Treatment of carried interest: Treasury and IRS release long-awaited proposed regulations
On July 31, the Treasury Department and the IRS released proposed regulations governing the treatment of “carried interest” under Internal Revenue Code (IRC) Section 1061. Fund managers have been waiting for much-needed guidance on the application of this impactful provision.
Section 1061 was enacted as part of the Tax Cuts and Jobs Act (TCJA) in December 2017. The TCJA introduced the concept of an “applicable partnership interest” (API), which captures the carried interest, or profits interest, typically held by the general partner. The TCJA provides that holders of a profits interest will only be eligible for the preferential long-term capital gains rate with respect to gains realized on dispositions of capital assets, sold after Dec. 31, 2017, held for more than three years.
With many unanswered questions from the original code section, the proposed regulations provide much-needed insight into how Section 1061 is to be interpreted and how Treasury may look at these arrangements in the future. Some highlights of the proposed regulations to consider are as follows.
Section 1231, Section 1256 contracts, and qualified dividends
The proposed regulations clarify that gains/losses from the sale of business property (Section 1231), regulated futures and certain other contracts (Section 1256), and certain dividends that receive a 20% preferential tax rate (qualified dividends) are not subject to Section 1061.
Disposition of a partnership interest
The proposed regulations clarify that a disposition of a partnership interest that is an API is subject to Section 1061, and provides rules for determining the extent to which long-term capital gain or loss recognized on the disposition of a pass-through interest composed of both an API and a capital interest is excluded from Section 1061 because it is treated as a capital interest gain or loss.
Capital gain dividends from regulated investment companies (RICs) and real estate investment trusts (REITs)
There was uncertainty on whether long-term capital gains distributed from a RIC or a REIT would be excluded from Section 1061 if the gains were from assets held for more than three years. The proposed regulations provide that “capital gain treatment should be available to the extent that the capital gain dividend is attributable to capital assets held for more than three years or is attributable to assets that are not subject to Section 1061.” RICs and REITs must disclose additional information that will allow partnerships that invest in these assets to easily determine how much is potentially subject to the recharacterization rules.
To circumvent Section 1061, some funds changed their partnership agreements to allow fund managers to waive their rights to gains generated from the disposition of a partnership’s capital assets held for three years or less and substitute for these gains generated from capital assets held for more than three years. This allowed managers to potentially receive only greater-than-three-year gains as carried interest, thus none taxed at ordinary rates. The proposed regulations do not provide rules regarding this but do state that these arrangements may be challenged under examination. Fund managers will need to review their partnerships agreements to weigh the risk of having carry waiver clauses.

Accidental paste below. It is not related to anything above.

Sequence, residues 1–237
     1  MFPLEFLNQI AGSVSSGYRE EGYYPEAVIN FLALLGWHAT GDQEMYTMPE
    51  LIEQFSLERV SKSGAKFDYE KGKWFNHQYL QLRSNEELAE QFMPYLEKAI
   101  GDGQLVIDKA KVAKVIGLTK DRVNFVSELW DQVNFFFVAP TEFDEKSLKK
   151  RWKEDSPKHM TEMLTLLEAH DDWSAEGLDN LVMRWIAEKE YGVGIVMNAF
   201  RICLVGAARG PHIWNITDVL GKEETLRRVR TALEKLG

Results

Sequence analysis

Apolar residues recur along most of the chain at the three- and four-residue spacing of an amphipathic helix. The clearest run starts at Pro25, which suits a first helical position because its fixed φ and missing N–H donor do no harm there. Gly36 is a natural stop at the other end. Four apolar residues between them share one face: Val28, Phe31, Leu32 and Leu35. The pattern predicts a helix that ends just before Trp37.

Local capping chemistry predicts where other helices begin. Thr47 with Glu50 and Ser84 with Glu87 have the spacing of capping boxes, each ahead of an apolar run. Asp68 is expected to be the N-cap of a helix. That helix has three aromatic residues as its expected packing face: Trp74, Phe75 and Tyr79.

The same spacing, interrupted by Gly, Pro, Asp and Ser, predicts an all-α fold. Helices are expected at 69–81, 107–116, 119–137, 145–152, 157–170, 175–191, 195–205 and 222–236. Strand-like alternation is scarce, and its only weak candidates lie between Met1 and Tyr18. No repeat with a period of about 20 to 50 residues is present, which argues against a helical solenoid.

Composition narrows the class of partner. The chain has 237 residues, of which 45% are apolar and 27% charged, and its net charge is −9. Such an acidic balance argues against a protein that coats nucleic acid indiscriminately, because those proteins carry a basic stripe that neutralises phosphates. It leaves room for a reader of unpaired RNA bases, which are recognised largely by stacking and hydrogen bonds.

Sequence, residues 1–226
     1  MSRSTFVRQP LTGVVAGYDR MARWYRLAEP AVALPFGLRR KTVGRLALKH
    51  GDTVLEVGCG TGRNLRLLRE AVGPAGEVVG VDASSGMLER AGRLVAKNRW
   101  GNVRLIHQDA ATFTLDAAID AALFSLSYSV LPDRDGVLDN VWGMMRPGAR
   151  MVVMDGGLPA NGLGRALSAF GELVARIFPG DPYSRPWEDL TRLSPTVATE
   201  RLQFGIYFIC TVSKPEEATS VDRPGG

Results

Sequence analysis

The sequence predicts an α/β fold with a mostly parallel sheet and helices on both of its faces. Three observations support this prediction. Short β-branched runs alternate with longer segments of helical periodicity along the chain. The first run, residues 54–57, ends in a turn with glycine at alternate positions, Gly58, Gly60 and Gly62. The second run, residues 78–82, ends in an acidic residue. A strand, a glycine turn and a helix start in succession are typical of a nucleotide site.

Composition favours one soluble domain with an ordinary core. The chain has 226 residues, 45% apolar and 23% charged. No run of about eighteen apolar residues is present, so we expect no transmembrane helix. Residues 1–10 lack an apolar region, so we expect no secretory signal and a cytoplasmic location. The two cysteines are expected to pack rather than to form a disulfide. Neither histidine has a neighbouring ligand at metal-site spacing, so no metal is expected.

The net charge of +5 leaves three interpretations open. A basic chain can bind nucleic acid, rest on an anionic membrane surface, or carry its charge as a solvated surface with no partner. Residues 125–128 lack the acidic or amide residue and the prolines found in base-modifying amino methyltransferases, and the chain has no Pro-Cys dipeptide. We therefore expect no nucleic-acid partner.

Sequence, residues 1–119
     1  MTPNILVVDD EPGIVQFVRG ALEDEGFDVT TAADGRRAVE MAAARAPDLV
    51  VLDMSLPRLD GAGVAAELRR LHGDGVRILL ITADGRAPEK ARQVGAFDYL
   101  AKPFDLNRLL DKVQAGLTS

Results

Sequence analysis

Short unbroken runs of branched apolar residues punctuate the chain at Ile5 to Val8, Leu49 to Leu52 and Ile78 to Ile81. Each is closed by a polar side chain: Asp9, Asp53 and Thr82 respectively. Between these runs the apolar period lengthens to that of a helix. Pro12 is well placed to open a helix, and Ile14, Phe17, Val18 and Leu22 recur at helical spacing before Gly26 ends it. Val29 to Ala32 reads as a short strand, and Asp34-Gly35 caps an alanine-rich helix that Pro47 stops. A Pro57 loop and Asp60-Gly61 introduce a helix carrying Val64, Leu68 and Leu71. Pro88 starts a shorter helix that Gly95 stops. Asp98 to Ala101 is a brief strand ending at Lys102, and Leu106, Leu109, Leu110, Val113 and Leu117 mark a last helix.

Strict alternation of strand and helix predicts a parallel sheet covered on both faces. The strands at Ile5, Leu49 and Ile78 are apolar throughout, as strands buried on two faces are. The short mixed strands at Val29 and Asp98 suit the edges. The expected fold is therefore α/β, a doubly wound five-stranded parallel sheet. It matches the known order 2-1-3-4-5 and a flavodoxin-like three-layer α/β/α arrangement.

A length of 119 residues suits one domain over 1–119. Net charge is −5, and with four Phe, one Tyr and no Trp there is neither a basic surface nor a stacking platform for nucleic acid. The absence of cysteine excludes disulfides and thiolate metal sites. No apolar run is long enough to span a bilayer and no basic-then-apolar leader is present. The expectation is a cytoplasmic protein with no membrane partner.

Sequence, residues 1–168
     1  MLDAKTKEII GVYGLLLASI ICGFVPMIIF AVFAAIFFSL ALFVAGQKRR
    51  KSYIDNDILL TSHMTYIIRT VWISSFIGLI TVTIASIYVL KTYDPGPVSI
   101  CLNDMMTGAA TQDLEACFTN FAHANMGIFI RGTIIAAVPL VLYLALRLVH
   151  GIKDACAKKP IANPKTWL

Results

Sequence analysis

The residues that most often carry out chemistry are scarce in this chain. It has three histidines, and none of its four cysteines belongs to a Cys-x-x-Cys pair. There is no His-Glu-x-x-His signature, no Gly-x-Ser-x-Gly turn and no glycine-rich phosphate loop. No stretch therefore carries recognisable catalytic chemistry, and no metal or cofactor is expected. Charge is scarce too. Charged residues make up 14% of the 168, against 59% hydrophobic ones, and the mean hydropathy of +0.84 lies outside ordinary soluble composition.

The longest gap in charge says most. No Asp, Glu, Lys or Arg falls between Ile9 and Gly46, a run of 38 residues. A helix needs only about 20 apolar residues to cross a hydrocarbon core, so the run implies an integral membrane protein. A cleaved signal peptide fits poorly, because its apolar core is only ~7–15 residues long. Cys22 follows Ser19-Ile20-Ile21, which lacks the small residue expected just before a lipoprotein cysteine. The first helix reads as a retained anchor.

Definition of pass-through entity
The original statute defined entities that were subject to Section 1061 as entities other than corporations. Many interpreted this to mean that entities such as S corporations and passive foreign investment companies (PFICs) with a QEF election would fall outside of this rule, and managers changed their carried interest vehicles to these types of corporations. These were essentially corporations that are treated as pass-through entities for federal income tax purposes. The proposed regulations state that pass-through entities include S corporations and PFICs; accordingly, these entities will be subject to Section 1061.
Distribution of assets to carried interest holders
If assets are distributed to an owner of a pass-through subject to Section 1061, the subsequent gain on the sale of such assets would be subject to recharacterization if held for longer than one year but less than three years. This was done to prevent taxpayers from distributing unrealized gains to carried interest holders with the thought that such holders would not be subject to Section 1061 at the owner level.
Bona fide purchaser
If an unrelated third party – that is also not a service provider, at arm’s length – purchases the profits interest of a carried interest holder, the interest in the hands of the purchaser is not subject to Section 1061. In many cases, interests in a carried interest pass-through are sold by departing managers, or fund managers may want to bring in an outside investor to realize gains early by selling a piece of their interest versus waiting for the fund to allocate carry in the future.
The proposed regulations clarify the installment sale rules with respect to gains that occurred before Jan. 1, 2018. The regulations state that installment gains recognized on receipts after Jan. 1, 2018, are subject to Section 1061 if the holding period of such asset was held for more than one but less than three years. For example, a fund sells stock held for two years for a gain in November of 2017, and the sales price will be collected in 2018 and 2019. The gains recognized in 2018 and 2019 will be subject to recharacterization.
In addition to the overview provided above, the proposed regulations address issues on how these rules are to be mechanically applied, as well as Transitional Rules for Applicable Partnership interests held on or before Jan. 1, 2018. These as well as other provisions will be covered in future tax alerts and webinars.
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